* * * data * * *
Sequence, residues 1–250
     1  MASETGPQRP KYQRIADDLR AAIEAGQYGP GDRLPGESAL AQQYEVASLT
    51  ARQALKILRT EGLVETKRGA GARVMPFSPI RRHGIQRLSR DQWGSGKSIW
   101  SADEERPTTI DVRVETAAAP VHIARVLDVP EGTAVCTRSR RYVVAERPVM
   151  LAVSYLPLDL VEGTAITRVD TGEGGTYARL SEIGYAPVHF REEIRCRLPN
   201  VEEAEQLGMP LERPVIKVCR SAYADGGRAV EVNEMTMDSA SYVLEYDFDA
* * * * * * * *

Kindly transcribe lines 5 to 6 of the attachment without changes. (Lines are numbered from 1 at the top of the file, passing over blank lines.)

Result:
   151  LAVSYLPLDL VEGTAITRVD TGEGGTYARL SEIGYAPVHF REEIRCRLPN
   201  VEEAEQLGMP LERPVIKVCR SAYADGGRAV EVNEMTMDSA SYVLEYDFDA